Natural gas is formed when subsurface deposits of burned biomass undergo methanogenesis – anaerobic microbial decomposition to methane and CO2 – and catagenesis – thermal decomposition due to sustained application of intense heat and pressure over tens of millions of years. The major chemical component of natural gas is methane (CH4) accompanied by lesser portions of heavier hydrocarbons such as ethane (C2H6), propane (C3H8), butane (C4H10), and pentane (C5H12). When natural gas is extracted from the ground as “wet” natural gas, it contains less than 85% of methane as a solvent with natural gas liquids (NGL) solutes (ethane, propane, butane, pentane) [14,15]. Typically, the NGLs are extracted to make “dry” natural gas, a purified product that is almost all methane and the NGLs are sold separately. The composition of dry natural gas varies depending on its source and procedures used to processing it [16]. As shown in Table 1, dry natural gas includes trace amounts of impurities such as nitrogen, oxygen and carbon dioxide [16]. Additionally, as a safety precaution, a sulfur-like odorant, usually called mercaptan (mixtures of t-butyl mercaptan, isopropyl mercaptan, tetrahydrothiophene, dimethyl sulfide and other sulfur compounds), is deliberately added to the gas pipeline to help detect leaks.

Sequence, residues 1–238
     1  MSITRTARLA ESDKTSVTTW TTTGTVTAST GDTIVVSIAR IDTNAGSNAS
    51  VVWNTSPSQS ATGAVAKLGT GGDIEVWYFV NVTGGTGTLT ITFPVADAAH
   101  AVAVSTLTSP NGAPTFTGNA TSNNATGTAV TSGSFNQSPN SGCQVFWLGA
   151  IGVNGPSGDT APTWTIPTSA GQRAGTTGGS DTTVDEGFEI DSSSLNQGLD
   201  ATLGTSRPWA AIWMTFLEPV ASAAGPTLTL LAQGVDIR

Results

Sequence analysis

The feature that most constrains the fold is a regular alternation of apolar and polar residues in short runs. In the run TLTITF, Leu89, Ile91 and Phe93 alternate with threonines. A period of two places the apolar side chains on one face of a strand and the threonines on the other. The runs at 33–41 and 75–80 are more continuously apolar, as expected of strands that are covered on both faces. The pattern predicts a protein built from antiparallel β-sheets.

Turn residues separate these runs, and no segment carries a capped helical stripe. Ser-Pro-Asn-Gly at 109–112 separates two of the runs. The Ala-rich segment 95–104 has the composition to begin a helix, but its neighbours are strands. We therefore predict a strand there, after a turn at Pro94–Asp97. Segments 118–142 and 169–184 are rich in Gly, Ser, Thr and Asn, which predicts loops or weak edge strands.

Table 1: A Typical Composition of Natural Gas. Adapted from A. Demirbas (2010)

Chemical Component

Range (vol. %)

Methane (CH4)

87 – 96

Ethane (C2H6)

1.8 – 5.1

Propane (C3H8)

0.1 – 1.5

Butane (C4H10)

0.01 – 0.3

Pentane (C5H12)

Trace to 0.14

Nitrogen (N2)

1.3 – 5.6

Carbon dioxide (CO2)

0.1 – 1.0

Oxygen (O2)

0.01 – 0.1

Hydrogen sulfide (H2S), Ammonia (NH3), Hydrogen (H2)

Trace Amounts